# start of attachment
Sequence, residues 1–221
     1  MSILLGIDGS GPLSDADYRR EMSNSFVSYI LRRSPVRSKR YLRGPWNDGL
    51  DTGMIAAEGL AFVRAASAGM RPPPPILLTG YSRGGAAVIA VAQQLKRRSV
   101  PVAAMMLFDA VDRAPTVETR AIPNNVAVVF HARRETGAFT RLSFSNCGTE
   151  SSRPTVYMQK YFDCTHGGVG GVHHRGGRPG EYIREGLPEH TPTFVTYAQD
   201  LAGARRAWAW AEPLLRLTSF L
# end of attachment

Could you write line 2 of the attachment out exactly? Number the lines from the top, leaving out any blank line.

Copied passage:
     1  MSILLGIDGS GPLSDADYRR EMSNSFVSYI LRRSPVRSKR YLRGPWNDGL